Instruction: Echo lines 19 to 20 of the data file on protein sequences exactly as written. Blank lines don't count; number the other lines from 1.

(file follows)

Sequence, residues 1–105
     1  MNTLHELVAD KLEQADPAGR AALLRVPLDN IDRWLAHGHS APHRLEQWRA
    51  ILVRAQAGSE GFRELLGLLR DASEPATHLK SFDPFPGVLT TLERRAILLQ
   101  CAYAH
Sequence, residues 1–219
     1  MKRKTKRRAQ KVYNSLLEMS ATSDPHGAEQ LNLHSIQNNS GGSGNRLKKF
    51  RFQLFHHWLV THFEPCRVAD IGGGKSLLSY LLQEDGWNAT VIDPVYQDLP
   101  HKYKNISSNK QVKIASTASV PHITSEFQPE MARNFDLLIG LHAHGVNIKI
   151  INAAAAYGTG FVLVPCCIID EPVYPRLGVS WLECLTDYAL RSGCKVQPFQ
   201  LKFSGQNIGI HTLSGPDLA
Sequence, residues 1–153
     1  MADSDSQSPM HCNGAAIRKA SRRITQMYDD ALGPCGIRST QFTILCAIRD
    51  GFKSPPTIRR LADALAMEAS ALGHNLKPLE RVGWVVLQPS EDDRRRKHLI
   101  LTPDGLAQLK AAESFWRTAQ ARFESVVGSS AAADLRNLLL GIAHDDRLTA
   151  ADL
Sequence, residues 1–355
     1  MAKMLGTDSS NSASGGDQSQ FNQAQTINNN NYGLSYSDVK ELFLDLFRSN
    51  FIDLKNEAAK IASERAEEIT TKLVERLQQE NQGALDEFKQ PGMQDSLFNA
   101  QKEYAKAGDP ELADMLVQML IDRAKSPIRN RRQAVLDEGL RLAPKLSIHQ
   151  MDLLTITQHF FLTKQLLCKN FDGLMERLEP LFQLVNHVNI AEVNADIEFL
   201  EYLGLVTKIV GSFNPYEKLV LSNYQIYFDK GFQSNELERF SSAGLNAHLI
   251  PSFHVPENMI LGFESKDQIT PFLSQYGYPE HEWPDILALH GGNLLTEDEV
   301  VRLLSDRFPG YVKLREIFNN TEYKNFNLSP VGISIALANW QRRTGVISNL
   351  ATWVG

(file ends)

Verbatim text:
   101  QKEYAKAGDP ELADMLVQML IDRAKSPIRN RRQAVLDEGL RLAPKLSIHQ
   151  MDLLTITQHF FLTKQLLCKN FDGLMERLEP LFQLVNHVNI AEVNADIEFL